Louisville CardFile: Georgia Tech

In the Year of Our Lord Nineteen Hundred Sixteen, the Ramblin’ Wreck from Georgia Tech under the mentorship of one John Heisman — yeah, the award namesake — was the victor in the most lopsided game in the history of college pigskin.

Against the woeful Cumberland College Bulldogs, Tech scored 63 points in the 1st Q, 63 points again in the 2d, 54 in the 3d, and a mere 42 in the 4th.

Final score Georgia Tech 222, Cumberland 0.

Even though Georgia Tech scored only 66 last night at Cardinal Stadium before an increasingly irritable gathering of Cardinal faithful, this nationally televised embarrassment of a beatdown sure felt like the most lopsided L in U of L history.

Louisville could not stop Georgia Tech.

Not figuratively.


Other than when the visitors got the ball back with :28 to play to run one play and get the thing mercifully concluded, Georgia Tech had the ball for nine possessions.

They scored on all nine. Eight TDs. A field goal.

And, as an exclamation point, with 2:18 left, scrub Tech safety Juanyeh Thomas scampered unimpeded 95 yards for a Pick Six.

Georgia Tech 66, Louisville 31.

To invoke a bit of irony, an old sportswriter’s trope, the game wasn’t nearly that close.

Coach Bobby Petrino: “”I did think that we competed extremely hard in the second quarter.”

Which leaves 45 minutes of action when U of L hardly competed, if at all.

There were a couple of bright spots, at least on offense. Puma Pass showed some improvement. Tutu Atwell put his gazelle like speed up for show. Jordan Travis showed some flair.

There may have been a few other positives, but, frankly, so numb am I the morning after, when fashioning this, I can’t recall. And my eyes are too blurry to read my notes.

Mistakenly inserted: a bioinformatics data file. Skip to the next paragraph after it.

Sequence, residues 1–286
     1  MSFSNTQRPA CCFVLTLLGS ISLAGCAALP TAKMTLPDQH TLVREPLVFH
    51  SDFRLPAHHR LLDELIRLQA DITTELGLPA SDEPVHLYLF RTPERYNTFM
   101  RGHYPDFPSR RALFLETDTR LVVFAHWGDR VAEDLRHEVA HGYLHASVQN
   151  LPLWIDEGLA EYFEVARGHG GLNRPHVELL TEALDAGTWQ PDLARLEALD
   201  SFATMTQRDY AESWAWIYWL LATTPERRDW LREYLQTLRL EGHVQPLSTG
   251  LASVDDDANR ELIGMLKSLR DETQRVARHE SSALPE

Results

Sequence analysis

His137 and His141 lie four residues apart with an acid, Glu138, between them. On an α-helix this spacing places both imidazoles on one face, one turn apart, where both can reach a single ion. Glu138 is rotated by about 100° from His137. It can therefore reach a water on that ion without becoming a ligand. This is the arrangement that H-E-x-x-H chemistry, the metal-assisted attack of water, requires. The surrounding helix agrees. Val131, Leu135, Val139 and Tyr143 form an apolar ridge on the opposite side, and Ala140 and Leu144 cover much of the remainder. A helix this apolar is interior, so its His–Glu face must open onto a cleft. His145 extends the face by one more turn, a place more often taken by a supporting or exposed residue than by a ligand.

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My apologies for the lack of any more game breakdown here.

There simply doesn’t seem to be any need.

 * * * * *

Not that he hasn’t already tiptoed through some minefields in his still young stint as Louisville AD, Vince Tyra, understand this is where the rubber meets the road.

You some decisionin’ to do.

If we didn’t already know that Bobby Petrino II wasn’t going to come close to being as successful as Era I, we did on the first drive of the evening, when he yet again fell prey to his default aggressive play calling on 4th and 1 at midfield. Instead of relying on his OL to carve out a 1/2 yard hole for a sneak by his neophyte QB still searching for his confidence, Petrino gambled.

In the context of the entire situation, it was arguably as egregious a choice as he made last week.

So, like I said, Vince Tyra has got a decision to make.

Need I iterate what it is?

Despite a smattering of successful moments through the decades, U of L is not a school with a grande football tradition.

Like, say, Texas A&M, there isn’t a phalanx of good ol’ boy former walk ons who made it big in tech or coal or oil or bourbon who live and die Cardinal football who can be called upon to gladly cough up the millions of pocket lettuce necessary to buy out Bobby Petrino and bid him a fond adieu.

The question is how long U of L fans will be stuck with Petrino and his cast of generally incapable assistants? I mean, we now know, right, why Brian Kelly fired retread Brian Van Gorder literally midseason, figuratively along the sideline during a game.